Second, OC and TC samples were also combusted with a thermo-optical OC/EC analyzer (model 4L, Sunset Laboratory Inc., USA), which is equipped with a nondispersive infrared detector. The instrument is modified such that it can be operated with pure oxygen as a carrier gas in addition to the conventionally used He and He/O2 mixture. The temperatures and combustion times were set to the same values as used in the THEODORE protocol. The Sunset analyzer is connected to the trapping part of the THEODORE system, and the resulting CO2 is recovered again as described above. A detailed description of this setup is described by Zhang et al. [2012], where it was shown that the results obtained using THEODORE and Sunset are comparable.

Third, TC samples for 14C measurement were prepared following the approach described in Fahrni et al. [2010], where filter punches sealed in quartz tubes together with ~0.25 g of copper oxide (small rods for elemental analysis, Fluka, Switzerland) are combusted for 4 h at 800°C in a muffle furnace (model LE 14/11/B150, Nabatherm, Germany). Good agreement (± 5% on average) for the 14C results was found between the samples prepared following this approach and those measured using THEODORE (see Figure S1 in the supporting information).

2.2.3 MICADAS Measurements

Carbonaceous fractions separated as described above were analyzed for 14C content by the MIni radioCArbon DAting System (MICADAS) [Synal et al., 2007] at the Swiss Federal Institute of Technology (ETH) Zürich. The instrument is equipped with a gas ion source [Ruff et al., 2007; Wacker et al., 2013], which allows direct CO2 injection after dilution with He [Ruff et al., 2010]. The fraction of modern carbon (fM) is derived as the ratio of 14C/12C measured in the samples to the 14C/12C ratio in 1950, which is defined as 0.95 times the value of the standard SRM4990B [Levin et al., 2010];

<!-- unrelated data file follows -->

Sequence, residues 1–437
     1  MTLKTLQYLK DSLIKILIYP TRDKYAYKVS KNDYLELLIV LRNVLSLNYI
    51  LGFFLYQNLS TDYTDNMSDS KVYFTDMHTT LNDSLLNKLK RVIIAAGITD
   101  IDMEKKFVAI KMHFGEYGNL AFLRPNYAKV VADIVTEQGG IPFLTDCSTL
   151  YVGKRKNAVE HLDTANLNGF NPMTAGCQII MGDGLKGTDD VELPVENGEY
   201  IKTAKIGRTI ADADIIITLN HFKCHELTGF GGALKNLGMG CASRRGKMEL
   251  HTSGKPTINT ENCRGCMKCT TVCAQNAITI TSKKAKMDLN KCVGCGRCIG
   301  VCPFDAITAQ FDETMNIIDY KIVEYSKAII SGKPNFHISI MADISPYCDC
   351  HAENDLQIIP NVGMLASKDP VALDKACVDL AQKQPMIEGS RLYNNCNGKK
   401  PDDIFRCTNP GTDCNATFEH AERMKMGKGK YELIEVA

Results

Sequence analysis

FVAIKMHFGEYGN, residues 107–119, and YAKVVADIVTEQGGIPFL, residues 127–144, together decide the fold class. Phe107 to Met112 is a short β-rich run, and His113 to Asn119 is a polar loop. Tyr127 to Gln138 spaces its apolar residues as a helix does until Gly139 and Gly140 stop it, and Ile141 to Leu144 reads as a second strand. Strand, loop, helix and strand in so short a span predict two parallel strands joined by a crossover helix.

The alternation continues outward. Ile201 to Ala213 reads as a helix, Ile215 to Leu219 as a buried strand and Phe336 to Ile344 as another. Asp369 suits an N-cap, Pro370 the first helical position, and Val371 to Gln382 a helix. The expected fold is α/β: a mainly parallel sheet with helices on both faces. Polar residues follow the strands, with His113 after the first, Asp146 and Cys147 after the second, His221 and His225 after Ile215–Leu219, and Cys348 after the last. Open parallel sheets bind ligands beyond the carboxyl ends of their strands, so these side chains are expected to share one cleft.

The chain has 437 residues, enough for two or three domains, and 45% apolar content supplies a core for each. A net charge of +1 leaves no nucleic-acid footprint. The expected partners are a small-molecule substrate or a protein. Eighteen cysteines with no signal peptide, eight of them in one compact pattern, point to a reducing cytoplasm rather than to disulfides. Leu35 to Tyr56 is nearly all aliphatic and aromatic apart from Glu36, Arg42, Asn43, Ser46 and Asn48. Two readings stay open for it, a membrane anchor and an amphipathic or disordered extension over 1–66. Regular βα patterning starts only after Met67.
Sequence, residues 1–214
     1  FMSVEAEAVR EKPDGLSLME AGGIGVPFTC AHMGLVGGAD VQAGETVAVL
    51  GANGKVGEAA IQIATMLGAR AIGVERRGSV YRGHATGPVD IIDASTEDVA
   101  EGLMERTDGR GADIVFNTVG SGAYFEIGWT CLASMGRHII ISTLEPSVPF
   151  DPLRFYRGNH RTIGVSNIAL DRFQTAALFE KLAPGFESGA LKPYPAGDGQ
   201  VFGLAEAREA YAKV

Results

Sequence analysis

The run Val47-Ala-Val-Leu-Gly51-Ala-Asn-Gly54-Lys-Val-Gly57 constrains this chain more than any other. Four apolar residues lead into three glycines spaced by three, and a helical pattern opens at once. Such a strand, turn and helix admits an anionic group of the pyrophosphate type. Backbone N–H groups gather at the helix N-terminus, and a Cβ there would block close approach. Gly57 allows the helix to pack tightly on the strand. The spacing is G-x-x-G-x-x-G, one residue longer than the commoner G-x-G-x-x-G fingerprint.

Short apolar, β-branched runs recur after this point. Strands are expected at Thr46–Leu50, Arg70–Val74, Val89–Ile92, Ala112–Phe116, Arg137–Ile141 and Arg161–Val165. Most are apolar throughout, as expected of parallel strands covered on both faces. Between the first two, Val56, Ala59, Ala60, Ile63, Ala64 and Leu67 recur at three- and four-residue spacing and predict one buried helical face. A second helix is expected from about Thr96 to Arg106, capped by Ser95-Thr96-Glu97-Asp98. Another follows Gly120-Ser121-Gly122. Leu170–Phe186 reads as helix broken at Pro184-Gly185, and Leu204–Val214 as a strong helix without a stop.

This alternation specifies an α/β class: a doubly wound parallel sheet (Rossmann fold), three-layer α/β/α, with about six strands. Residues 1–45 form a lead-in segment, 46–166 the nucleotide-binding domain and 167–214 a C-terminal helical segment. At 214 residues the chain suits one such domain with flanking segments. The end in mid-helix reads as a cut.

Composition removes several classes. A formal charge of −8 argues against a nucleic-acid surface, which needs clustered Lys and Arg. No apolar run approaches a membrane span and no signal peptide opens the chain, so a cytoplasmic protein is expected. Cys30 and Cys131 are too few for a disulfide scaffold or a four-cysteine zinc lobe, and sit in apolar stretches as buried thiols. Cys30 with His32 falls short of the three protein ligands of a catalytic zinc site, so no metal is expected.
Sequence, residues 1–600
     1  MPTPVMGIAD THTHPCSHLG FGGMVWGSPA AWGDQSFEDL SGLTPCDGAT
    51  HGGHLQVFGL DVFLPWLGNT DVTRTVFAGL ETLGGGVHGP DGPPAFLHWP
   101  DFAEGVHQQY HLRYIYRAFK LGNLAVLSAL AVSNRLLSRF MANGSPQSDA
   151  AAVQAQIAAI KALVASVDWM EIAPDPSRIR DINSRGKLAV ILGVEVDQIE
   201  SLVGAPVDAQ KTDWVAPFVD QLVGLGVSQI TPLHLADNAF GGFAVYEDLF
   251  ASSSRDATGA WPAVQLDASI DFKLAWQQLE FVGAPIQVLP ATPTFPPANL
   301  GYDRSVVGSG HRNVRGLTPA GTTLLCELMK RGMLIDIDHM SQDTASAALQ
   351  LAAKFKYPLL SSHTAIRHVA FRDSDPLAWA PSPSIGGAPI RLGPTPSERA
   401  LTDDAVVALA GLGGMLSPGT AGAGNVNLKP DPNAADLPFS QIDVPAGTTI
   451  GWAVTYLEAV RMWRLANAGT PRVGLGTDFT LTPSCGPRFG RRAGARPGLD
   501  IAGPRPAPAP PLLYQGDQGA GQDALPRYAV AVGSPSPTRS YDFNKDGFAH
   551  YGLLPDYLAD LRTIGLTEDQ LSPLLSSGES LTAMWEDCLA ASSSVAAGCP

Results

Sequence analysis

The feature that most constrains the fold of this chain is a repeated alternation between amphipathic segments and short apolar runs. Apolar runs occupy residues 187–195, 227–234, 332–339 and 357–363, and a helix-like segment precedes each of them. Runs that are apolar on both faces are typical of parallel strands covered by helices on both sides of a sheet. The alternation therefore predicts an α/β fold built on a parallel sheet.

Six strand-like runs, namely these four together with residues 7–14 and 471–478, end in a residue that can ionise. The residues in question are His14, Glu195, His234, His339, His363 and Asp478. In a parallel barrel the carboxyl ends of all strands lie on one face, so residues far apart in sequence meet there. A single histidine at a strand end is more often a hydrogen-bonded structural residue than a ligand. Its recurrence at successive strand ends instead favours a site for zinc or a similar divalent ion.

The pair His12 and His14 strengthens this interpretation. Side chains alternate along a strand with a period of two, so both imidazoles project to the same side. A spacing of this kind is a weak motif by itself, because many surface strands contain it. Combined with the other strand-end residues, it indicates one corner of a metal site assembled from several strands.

display math(1)

Values of fM are corrected for δ13C fractionation [Wacker et al., 2010] and for the 14C decay between 1950 and the year of measurement.

2.2.4 Data Correction and Presentation

Before using the fM values obtained for source apportionment of fossil and nonfossil contributions, several corrections are carried out. First, a mass dependent blank correction is applied to the measured fM following an isotopic mass balance approach [Zapf et al., 2013]:

display math(2)

where fM,corr is the blank-corrected fM, and fM,sample and fM,blk are the fM measured for samples and blanks, respectively. The carbon mass in the samples and the blanks are denoted by mCsample and mCblk, respectively. The mean TC concentration in the blank samples (n = 4) is 0.51 ± 0.23 μgC cm−2 with an fM value for TC (fM,TC) of 0.72 ± 0.24 (in general, throughout the manuscript, we always report average values ± standard deviation of the mean, unless it is indicated otherwise). Since no EC was detected in blank samples, the mean blank fM,TC and TC concentration were also used for the blank correction of the fM values of OC (fM,OC). The mean blank concentration contributes on average 17% ± 5% and 15% ± 4% to the OC and TC filter loading of the samples, respectively. The mass-dependent blank correction (see equation (2)) changes the measured fM values on average by ±3% and increases the uncertainty by ~3%.

Second, to account for the thermonuclear weapon tests of the late 1950s and early 1960s which increased the radiocarbon content of the atmosphere [Levin et al., 2010], fM,corr values obtained from equation (2) are converted into nonfossil fractions (fNF), following equation (3) [Szidat et al., 2006; Zhang et al., 2012]